I always set the mowers blades high and they stay that way through the year. The orchards sward stays green and lush through the height of the summer even on the driest of years. Grass cuttings are used to mulch soft fruit bushes and the standard apple and cherry trees. This year is going to be a challenge as the rainfall has been low through the winter and the spring. Leaving the grass long slows evaporation and holds the dew in the mornings. In contrast my neighbour’s mow short and their ground is yellowing and I’ve no doubt I’ll hear the sprinklers soon. This year reminds me strongly of the spring of 1976!
I’m not tidy. I don’t cut at the edges of the field leaving long grass as hiding places for newly fledge birds. I leave daffodils and primroses stand and only cut when the flower pods are dry and rattling with seed. I collect the seeds before I cut and spread them where I think a splash of colour will look good in spring.
In January I wrote …”Thinking back over the 27 years since we moved into this house I always think of mid-January and February as months when the ground is so hard with frost that it was best to plant Garlic and Onions in advance. Garlic needs a period of cold as does Rhubarb. Now I’m worrying that the ground is so wet that the Garlic crop which is beginning to show will rot and the weather has been so mild that Rhubarb has begun to sprout which is not a good sign at all. Our hardy Leek crop has started bolting too. All of which raises questions about whether the changing weather patterns will lead to these crops being unviable. So much for global warming and the benefits of a Mediterranean climate! No doubt growers will adapt but what other changes will the unpredictability of our weather bring? I planted 13 black currant plants from cuttings I’d taken from our mature bushes and have been concerned that fruit buds have developed in the absence of cold weather. The problem this brings about is that when the flowers show too early there’ll be no bees and other insects to pollinate them. Disaster. The apple trees in our small orchard are not showing fruit buds and there’s still time for some cold weather to slow things down. We juice most of our apple crop which provides us with apple juice for the year. I know that apple growers across the country are getting a bit twitchy because of the prolonged mild weather and the risk of an entire crop failure. Its changes like this and the repercussion for anyone growing vegetables and fruit that has been absent from any discussion about climate change. ”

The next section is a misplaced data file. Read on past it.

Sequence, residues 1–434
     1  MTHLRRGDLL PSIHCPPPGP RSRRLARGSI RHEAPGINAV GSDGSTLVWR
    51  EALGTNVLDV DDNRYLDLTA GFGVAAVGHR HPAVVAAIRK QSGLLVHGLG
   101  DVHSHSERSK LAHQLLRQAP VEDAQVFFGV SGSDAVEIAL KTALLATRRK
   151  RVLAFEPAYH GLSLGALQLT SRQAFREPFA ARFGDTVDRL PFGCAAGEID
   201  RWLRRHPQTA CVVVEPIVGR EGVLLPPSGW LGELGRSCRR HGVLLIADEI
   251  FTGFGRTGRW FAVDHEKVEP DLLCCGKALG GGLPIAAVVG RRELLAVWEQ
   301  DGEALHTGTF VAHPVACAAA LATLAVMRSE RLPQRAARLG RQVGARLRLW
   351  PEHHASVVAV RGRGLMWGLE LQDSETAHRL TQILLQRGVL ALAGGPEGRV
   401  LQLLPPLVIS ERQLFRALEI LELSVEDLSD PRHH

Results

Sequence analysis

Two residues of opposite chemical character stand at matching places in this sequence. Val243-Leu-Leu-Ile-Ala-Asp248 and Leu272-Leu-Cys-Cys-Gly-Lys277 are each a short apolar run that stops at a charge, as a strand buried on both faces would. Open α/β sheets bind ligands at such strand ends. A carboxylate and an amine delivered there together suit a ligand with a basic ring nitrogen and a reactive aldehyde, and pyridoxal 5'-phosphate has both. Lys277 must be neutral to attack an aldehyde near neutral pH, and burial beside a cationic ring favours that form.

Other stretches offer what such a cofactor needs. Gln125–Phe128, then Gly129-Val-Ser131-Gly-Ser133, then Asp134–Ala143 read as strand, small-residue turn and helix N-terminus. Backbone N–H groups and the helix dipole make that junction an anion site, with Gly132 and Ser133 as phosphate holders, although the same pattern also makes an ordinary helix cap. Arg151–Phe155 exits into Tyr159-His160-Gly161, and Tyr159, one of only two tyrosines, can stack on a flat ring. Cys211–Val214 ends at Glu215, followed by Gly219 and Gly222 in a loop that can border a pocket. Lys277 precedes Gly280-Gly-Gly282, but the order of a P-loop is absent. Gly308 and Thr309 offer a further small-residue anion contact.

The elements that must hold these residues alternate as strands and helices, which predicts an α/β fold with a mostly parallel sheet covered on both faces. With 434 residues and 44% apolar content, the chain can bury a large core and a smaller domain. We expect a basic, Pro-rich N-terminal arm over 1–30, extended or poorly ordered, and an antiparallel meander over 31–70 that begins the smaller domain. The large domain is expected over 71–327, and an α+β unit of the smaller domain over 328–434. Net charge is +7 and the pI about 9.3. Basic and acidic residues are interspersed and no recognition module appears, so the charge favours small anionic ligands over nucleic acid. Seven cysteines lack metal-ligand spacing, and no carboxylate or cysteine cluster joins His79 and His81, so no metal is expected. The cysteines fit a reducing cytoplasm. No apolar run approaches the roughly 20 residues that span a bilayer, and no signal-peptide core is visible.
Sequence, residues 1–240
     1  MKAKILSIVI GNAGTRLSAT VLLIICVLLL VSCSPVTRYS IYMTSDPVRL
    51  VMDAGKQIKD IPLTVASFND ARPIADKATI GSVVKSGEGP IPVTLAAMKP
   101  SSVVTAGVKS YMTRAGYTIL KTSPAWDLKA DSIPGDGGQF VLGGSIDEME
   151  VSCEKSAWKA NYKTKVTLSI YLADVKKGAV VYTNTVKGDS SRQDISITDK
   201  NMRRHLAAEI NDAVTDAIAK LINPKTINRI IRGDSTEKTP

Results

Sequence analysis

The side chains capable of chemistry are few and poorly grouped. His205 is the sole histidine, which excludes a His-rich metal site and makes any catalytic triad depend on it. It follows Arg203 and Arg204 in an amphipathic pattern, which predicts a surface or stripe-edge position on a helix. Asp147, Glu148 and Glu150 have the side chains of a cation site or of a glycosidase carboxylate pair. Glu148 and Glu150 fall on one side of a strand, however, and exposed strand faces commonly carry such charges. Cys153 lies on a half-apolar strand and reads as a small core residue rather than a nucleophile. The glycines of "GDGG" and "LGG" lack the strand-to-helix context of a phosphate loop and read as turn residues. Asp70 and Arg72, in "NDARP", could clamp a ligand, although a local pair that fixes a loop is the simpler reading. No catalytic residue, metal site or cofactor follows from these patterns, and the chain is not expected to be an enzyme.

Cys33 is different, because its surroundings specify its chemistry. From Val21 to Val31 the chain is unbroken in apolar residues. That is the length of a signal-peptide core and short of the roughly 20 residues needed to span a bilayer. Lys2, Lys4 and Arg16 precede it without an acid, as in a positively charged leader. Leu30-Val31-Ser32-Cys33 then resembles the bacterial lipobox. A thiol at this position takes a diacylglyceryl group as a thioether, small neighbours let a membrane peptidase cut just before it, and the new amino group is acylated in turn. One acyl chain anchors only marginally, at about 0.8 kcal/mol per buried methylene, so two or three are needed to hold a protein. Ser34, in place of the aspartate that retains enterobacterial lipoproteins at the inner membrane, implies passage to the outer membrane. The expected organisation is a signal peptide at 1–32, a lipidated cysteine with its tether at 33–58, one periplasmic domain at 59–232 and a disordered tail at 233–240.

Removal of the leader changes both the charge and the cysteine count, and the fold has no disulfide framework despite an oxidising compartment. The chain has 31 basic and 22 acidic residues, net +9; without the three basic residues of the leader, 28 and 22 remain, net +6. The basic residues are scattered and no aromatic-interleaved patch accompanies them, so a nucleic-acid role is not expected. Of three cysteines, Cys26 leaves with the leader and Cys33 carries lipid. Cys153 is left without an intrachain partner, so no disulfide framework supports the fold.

Well find ourselves this summer with an orchard of sixteen apple trees and of these only two developed blossom and fruit buds. Unfortunately the two that showed blossom were second year maidens so that I took the blossom off to allow the tree to use its energies for growth. But for the first time in twenty years we have no apples of our own and no fruit juice will be bottled for the coming year. Has the fruiting cycle of our entire orchard turned biennial? Or is the continuous wet and mild climate bringing factors to bear that is changing the fruiting cycle? I shall be waiting anxiously to see what the coming autumn and winter brings and whether we shall see out orchard in full blossom! Our neighbours report exactly the same from their gardens and I’ve met people from other areas including London who also report barren apple trees. Could it simply be a common problem of mismanagement a bumper harvest last year and no thinning of apples so that the tree is exhausted and unable to support fruit buds? Or is it a combination of all these things?
Meanwhile I brought in the garlic crop yesterday. A relatively sunny break after days of rain. The bulbs are smaller than last year and I’ll clean and hang them in our stables which is shady and airy. I noticed quite a few had started regrowth. So again concerns are raised about whether our years supply of garlic bulbs will store well. On top of this an absence of bees of any kind. In my mind change in our climate is occurring. How we adapt our growing to this change is going to be key.
Mysteries and messages
This week over a few days
Docks loosen their grip
And will allow themselves
To be pulled roots and all
You and I disagreed
In our views on religion
So we agreed not to talk
You respected my knowledge
On growing and gardening
You embraced cosmic forces
And the movement of planets
And the hidden influence of stars
But we both took pleasure
Sometimes surprised by nature’s way
And the complex beauty of a flower
Or the shape of a trees repose.
So another gale with yet another forgettable name is due to hit Britain. The river is in spate again and I’ve watched as the torrential downpours have discoloured the flood waters. The colour is determined by the level of soil, among other things, that is being carried from the land and hills that surround us. The colour of the river is an indicator of the continuing depletion of the lands soil and nutrient. The calls to slow the flow of rivers during periods of prolonged and heavy rain is important not just because of its impact on the towns and villages “downstream” but also on the long term health and sustainability of the soil and land on which we depend for so much. The need for tree planting on the hills is just one aspect of what needs to be done. But the campaigns focus on flood prevention misses something of equal if not greater importance. Soil loss and deprivation of soil health. The “importance of the soil and its health” has been raised over the past year. It seems odd that it’s felt that this has been “overlooked”. Continue reading So another gale…